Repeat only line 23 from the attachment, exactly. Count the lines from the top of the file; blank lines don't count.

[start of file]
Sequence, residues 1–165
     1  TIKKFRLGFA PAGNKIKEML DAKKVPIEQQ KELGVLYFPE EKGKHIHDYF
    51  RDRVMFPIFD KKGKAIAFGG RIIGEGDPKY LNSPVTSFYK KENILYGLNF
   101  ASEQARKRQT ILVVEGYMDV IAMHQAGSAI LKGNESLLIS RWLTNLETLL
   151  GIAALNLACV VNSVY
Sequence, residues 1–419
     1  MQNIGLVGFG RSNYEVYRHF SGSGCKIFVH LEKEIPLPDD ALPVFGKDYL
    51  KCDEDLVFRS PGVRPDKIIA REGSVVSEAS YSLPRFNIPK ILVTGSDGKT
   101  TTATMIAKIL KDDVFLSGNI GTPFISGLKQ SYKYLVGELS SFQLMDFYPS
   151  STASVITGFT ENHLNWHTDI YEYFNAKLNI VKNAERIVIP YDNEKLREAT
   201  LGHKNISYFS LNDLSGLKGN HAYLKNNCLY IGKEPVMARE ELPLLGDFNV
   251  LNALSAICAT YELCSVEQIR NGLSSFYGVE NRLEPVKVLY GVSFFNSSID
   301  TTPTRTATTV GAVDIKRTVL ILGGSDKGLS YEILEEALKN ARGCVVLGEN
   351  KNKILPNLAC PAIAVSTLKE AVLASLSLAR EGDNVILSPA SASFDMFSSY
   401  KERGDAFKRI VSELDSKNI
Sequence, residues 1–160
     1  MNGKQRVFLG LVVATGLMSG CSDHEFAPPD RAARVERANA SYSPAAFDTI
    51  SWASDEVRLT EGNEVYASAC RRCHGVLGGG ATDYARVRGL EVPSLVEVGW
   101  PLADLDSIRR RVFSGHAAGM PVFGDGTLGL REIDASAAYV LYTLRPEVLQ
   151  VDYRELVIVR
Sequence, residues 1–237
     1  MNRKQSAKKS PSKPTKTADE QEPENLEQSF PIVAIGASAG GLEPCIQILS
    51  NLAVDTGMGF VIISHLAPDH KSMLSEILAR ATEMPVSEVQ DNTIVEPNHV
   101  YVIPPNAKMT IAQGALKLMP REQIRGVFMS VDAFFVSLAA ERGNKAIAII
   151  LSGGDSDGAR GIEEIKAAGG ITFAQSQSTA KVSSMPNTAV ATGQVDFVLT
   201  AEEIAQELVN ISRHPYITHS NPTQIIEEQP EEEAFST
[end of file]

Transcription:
    51  NLAVDTGMGF VIISHLAPDH KSMLSEILAR ATEMPVSEVQ DNTIVEPNHV